May 26, 2024

How ‘dirtiest game in NFL history’ made Eagles-Cowboys the greatest rivalry in football

The Cowboys’ kicker was knocked senseless during a blowout loss to the Eagles, uncertain which NFL sideline was his and vowing to “deck” the culprit behind the shocking physical violence.

And that’s just the start of the beginning of the most bitter rivalry in the NFL, which will resume in primetime on Monday when the NFL-best Eagles travel to Dallas to face the Cowboys.

Jalen Hurts, A.J. Brown, Jason Kelce, Nick Sirianni, Dak Prescott, CeeDee Lamb, Micah Parsons and Jerry Jones are the names that dominate now.

But the core of the nasty Eagles vs Cowboys rivalry comes down to two words: Bounty Bowl.

Factor in that there were two Bounty Bowls during the 1989 season and it’s easy to understand why Eagles-Cowboys means so much to two very different NFL fanbases more than 30 years later.

It was old-school Philly coach Buddy Ryan against the flashy and splashy Jimmy Johnson.

There were attacks by and accusations from the warring teams that make the New Orleans Saints’ 2009 Bountygate scandal pale in comparison.

“Having bounties on opposing players is not the way it’s supposed to be done,” said Johnson, during a tense postgame press conference after a 27-0 shutout defeat to the Eagles at Texas Stadium on November 23, 1989.

“We were told last night by a coach — and it’s confirmed by two different players — there’s a $200 bounty on Luis Zendejas, a $500 bounty on Troy Aikman,” Johnson said. “That takes away from the integrity of the game.”

‘I confirm there was a bounty’

The foundation for the Bounty Bowls was established by the 1987 NFL players’ strike and accusations that one side of the Eagles-Cowboys rivalry was blatantly running up the score.

After Jones bought America’s Team for $140 million and abruptly ended the Tom Landry-era, the Cowboys entered a full rebuild that featured Herschel Walker being traded in a franchise-changing blockbuster and Johnson taking over as head coach after leading The University of Miami to college championship glory.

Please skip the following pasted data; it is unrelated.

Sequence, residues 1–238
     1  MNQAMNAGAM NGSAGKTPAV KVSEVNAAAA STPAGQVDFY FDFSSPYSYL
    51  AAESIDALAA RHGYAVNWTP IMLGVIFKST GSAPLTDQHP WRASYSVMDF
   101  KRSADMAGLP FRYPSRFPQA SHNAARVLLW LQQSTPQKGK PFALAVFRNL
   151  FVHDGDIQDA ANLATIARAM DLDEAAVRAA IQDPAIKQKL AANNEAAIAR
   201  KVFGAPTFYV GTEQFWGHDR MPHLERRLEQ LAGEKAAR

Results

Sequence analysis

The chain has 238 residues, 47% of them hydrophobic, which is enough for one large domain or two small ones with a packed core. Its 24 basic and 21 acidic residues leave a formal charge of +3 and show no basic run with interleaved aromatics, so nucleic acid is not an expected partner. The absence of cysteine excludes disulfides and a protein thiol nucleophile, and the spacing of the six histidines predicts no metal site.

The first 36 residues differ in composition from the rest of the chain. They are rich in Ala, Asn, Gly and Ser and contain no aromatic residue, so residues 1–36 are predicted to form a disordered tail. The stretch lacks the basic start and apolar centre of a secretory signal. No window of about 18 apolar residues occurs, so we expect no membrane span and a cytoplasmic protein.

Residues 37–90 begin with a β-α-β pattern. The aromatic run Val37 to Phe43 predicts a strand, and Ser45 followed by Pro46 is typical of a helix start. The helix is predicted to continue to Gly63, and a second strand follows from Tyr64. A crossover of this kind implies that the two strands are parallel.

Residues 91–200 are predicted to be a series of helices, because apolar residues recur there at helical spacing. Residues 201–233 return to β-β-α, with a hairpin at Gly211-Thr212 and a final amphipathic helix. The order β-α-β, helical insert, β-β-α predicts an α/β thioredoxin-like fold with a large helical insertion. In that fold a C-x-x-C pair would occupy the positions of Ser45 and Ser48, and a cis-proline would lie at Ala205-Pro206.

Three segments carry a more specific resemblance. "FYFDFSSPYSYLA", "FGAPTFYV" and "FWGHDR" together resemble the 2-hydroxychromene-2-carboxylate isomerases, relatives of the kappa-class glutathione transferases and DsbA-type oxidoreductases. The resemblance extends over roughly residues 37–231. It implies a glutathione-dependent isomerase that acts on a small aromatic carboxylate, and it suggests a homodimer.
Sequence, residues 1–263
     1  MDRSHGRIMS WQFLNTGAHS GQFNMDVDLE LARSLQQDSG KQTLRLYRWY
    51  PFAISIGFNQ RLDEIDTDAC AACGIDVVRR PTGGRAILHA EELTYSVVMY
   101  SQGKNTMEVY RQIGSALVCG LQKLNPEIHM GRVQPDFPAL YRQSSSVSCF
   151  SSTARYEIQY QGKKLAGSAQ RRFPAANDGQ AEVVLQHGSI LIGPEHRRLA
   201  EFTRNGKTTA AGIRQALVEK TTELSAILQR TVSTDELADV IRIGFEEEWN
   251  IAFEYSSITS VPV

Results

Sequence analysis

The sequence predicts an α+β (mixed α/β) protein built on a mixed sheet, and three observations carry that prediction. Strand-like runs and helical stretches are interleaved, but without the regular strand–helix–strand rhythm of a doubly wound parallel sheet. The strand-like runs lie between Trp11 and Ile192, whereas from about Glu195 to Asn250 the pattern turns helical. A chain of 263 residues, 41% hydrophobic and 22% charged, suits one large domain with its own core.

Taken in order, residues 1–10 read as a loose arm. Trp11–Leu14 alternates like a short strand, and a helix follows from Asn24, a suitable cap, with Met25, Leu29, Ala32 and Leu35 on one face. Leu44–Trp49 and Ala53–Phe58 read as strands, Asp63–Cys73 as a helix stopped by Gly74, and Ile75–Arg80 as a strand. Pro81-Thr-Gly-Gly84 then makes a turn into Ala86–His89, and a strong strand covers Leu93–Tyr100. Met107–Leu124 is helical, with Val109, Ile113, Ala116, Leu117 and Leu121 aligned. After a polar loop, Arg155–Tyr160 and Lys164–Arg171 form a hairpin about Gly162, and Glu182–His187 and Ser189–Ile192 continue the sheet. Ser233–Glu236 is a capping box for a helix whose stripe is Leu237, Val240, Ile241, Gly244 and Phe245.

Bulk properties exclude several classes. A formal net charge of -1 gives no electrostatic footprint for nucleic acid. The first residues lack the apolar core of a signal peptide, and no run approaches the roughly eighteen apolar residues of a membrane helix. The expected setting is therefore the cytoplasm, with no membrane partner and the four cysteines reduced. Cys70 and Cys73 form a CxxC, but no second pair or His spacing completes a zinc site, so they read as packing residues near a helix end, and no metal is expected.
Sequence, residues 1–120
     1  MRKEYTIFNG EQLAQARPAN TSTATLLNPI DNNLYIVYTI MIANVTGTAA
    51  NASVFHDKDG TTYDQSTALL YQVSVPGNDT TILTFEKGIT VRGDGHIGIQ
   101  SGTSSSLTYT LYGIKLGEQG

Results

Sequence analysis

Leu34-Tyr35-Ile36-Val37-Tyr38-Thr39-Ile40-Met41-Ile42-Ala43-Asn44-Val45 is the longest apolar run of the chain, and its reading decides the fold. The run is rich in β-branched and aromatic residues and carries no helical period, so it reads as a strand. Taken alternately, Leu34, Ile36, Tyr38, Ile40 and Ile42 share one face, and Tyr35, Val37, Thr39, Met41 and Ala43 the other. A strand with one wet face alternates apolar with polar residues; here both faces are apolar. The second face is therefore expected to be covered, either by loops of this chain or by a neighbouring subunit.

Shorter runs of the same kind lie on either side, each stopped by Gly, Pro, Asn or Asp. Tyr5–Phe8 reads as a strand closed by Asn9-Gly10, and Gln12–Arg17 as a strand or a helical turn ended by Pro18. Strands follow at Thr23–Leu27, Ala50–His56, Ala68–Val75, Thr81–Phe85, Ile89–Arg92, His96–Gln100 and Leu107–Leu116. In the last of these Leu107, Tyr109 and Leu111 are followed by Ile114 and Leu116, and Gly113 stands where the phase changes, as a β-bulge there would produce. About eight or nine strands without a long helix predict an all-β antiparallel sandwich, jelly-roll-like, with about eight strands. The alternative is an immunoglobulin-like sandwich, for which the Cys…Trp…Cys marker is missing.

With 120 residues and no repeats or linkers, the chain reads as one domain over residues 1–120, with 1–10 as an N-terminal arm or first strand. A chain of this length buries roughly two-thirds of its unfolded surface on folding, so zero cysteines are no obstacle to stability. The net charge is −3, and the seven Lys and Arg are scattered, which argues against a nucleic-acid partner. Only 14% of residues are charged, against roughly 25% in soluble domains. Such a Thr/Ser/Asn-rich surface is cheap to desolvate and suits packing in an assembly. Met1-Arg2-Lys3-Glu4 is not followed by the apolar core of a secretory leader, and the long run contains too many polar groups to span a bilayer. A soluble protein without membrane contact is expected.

That allowed Philadelphia to humiliate Dallas on the field twice a year.

And that’s when the Bounty Bowls appeared.

The Cowboys suffered through a 1-15 season in 1989, as Aikman adjusted to the intensity of the NFL in real time and Dallas was consistently embarrassed.

Zendejas, the Cowboys’ kicker, had previously played for Philadelphia.

The 5ft 9in kicker became a symbol for the hatred between the teams and fanbases, with the Eagles placing a bounty on taking him down during a game.

While Johnson said at the time it was a $200 bounty, Philly linebacker Seth Joyner later revealed the bounty was worth much more.

“I will confirm that there was a bounty on Luis Zendejas and it wasn’t $200, it was for $10,000!” Joyner said.

‘He got knocked out’

On Thanksgiving in 1989, Zendejas crumpled to the turf following a Dallas kickoff.

He stumbled, walked the wrong way and had to be helped off the field.

“I think he got knocked out,” announcer John Madden said. “He’s going to the wrong sideline. He’s groggy.

“He’s either going over there because he doesn’t know where he is or he’s going over to argue with someone.”

Madden added: “The Eagles sent someone after Zendejas.”

In Bounty Bowl I, Aikman was attacked in the end zone after a play was blown dead, while a Cowboys player squared up and reared back before throwing a punch during a fight between the teams.

In a fiery press conference that would have dominated the sports world for an entire year nowadays, Johnson hit back at the Eagles and verbally attacked Ryan.

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